As usual there is always a lot of hype around the hottest buzz word in the IT industry at the moment – ‘THE CLOUD’. This hype is somewhat similar to Web 2.0 but in a different context. Even though the buzz word is on the tip of most IT professionals and senior executives tongues, before we talk about the potential benefits and risks of Cloud Computing, lets get a rundown on what Cloud Computing actually is.
What is Cloud Computing?
Cloud computing refers to the provision of computational resources on demand via a computer network.*
Cloud computing can be compared to the supply of electricity and gas, or the provision of telephone, television and postal services. All of these services are presented to the users in a simple way that is easy to understand without the users needing to know how the services are provided. This simplified view is called an abstraction. Similarly, cloud computing offers computer application developers and users an abstract view of services that simplifies and ignores much of the details and inner workings. A provider’s offering of abstracted Internet services is often called “The Cloud”.*
The leading cloud computing service providers are companies such as Google, Salesforce, Microsoft, Zoho, etc. The technology is evolving all the time, with more and more innovative solutions, services and applications being developed by more and more companies who want a piece of the ever-growing-huge pie!
Characteristics of Cloud Computing
The key characteristic of cloud computing is that the computing is “in the cloud”; that is, the processing (and the related data) is not in a specified, known or static place(s). This is in contrast to a model in which the processing takes place in one or more specific servers that are known. All the other concepts mentioned are supplementary or complementary to this concept.
The two most significant components of cloud computing architecture are known as the front end and the back end.
- The front end is the part seen by the client, i.e. the computer user. This includes the client’s network (or computer) and the applications used to access the cloud via a user interface such as a web browser.
- The back end of the cloud computing architecture is the ‘cloud’ itself, comprising various computers, servers and data storage devices.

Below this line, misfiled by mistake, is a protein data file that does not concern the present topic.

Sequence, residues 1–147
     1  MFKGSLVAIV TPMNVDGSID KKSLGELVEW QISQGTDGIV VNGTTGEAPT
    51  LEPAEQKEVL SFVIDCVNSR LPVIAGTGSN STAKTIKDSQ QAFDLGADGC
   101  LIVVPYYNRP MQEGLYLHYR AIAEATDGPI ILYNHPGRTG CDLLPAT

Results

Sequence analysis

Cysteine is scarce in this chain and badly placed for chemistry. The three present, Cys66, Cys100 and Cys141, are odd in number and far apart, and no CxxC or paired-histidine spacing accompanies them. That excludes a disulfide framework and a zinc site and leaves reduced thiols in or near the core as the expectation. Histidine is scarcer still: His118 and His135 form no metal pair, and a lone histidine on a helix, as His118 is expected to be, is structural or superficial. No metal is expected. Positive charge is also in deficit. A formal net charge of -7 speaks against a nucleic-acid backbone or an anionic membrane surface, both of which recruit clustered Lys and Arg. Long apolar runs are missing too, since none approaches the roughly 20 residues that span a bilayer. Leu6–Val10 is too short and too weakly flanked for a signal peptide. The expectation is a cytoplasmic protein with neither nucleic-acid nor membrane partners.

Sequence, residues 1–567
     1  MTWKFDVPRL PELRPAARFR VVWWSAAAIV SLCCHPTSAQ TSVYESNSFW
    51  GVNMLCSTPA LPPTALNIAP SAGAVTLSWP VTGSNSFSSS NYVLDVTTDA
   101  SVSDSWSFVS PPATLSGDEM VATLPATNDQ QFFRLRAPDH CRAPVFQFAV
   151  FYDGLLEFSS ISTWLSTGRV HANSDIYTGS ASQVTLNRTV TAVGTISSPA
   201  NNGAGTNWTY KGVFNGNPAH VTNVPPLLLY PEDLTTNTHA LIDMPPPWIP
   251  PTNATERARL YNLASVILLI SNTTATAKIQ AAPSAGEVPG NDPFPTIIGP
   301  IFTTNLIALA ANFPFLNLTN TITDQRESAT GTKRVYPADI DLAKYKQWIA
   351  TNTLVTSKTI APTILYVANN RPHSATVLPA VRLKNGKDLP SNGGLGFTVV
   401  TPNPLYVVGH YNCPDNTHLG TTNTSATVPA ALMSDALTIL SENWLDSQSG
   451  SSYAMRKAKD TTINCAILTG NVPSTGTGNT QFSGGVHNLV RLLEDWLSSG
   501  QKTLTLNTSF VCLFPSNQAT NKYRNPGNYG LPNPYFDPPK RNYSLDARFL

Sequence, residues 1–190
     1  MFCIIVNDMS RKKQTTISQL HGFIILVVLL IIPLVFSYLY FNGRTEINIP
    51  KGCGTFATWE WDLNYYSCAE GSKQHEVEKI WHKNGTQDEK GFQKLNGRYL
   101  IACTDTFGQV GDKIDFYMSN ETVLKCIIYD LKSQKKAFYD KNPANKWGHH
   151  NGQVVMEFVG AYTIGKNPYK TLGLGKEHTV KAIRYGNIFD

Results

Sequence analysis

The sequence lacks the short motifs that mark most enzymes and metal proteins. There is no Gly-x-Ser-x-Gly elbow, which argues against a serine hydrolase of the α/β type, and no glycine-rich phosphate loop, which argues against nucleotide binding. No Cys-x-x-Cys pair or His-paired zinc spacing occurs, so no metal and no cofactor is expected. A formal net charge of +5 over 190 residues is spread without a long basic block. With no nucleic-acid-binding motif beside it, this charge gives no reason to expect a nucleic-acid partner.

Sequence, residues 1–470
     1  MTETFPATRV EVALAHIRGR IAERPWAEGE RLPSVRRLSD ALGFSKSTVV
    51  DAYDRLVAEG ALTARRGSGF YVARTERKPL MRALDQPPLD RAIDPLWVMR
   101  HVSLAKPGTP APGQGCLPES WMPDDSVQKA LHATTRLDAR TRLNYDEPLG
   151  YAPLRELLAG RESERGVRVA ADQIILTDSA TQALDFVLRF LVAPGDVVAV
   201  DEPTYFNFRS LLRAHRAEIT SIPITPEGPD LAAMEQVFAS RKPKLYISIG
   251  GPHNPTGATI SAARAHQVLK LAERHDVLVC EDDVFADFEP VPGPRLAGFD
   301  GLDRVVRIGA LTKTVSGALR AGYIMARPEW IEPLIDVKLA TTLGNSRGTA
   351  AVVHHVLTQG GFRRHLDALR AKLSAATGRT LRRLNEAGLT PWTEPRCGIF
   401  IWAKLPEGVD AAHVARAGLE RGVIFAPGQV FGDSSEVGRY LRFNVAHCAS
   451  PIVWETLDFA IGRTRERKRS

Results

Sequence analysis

Cloud computing incorporates several different types of computing layers through which services can be provided:
A cloud client consists of computer hardware and/or computer software that relies on cloud computing for application delivery, or that is specifically designed for delivery of cloud services and that, in either case, is essentially useless without it. Examples include some computers, phones and other devices, operating systems and browsers.
Cloud application services or “Software as a Service (SaaS)” deliver software as a service over the Internet, eliminating the need to install and run the application on the customer’s own computers and simplifying maintenance and support. People tend to use the terms “SaaS” and “cloud” interchangeably, when in fact they are two different things.
Cloud platform services or “Platform as a Service (PaaS)” deliver a computing platform and/or solution stack as a service, often consuming cloud infrastructure and sustaining cloud applications. It facilitates deployment of applications without the cost and complexity of buying and managing the underlying hardware and software layers.
Cloud infrastructure services, also known as “Infrastructure as a Service (IaaS)“, delivers computer infrastructure – typically a platform virtualization environment – as a service. Rather than purchasing servers, software, data-center space or network equipment, clients instead buy those resources as a fully outsourced service. Suppliers typically bill such services on a utility computing basis and amount of resources consumed (and therefore the cost) will typically reflect the level of activity.
The servers layer consists of computer hardware and/or computer software products that are specifically designed for the delivery of cloud services, including multi-core processors, cloud-specific operating systems and combined offerings.
What are the benefits of Cloud Computing?
- Users can avoid capital expenditure on hardware, software, and other peripheral services, when they only pay a provider for those utilities they use;
- Consumption is billed as a utility or subscription with little or no upfront cost;
- Immediate access to a broad range of applications, that may otherwise be out of reach, due to: The lowering barriers to entry; Shared infrastructure, and therefore lower costs; Lower management overhead.
- Users will have the option to terminate a contract at any time, avoiding return on investment risk and uncertainty.
- Greater flexibility and availability of ‘shared’ information, enabling collaboration from anywhere in the world – with an internet connection.
What are the associated risks to Cloud computing?
- Cloud computing does not allow users to physically possess the storage of their data which leaves responsibility of data storage and control in the hands of their provider;
- Cloud Computing could limit the freedom of users and make them dependent on the cloud computing provider;
- Privileged user access – how do you control who has access to what information?
- Security of sensitive and personal information lay with the vendor. How do you explain this to your customers when their data is compromised without sounding like you’re ‘passing the buck’?
- From a business continuity stand point, can you rely on each vendor to have adequate resilience arrangements in place?
- Long-term viability — ask what will happen to data if the company goes out of business; how will data be returned and in what format?